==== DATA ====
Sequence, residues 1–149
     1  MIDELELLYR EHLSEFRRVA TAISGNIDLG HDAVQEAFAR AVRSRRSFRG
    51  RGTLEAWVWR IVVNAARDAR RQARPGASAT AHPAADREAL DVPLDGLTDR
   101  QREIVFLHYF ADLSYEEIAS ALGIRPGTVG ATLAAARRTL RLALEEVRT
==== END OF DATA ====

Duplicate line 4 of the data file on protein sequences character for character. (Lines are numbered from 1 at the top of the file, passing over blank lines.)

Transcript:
   101  QREIVFLHYF ADLSYEEIAS ALGIRPGTVG ATLAAARRTL RLALEEVRT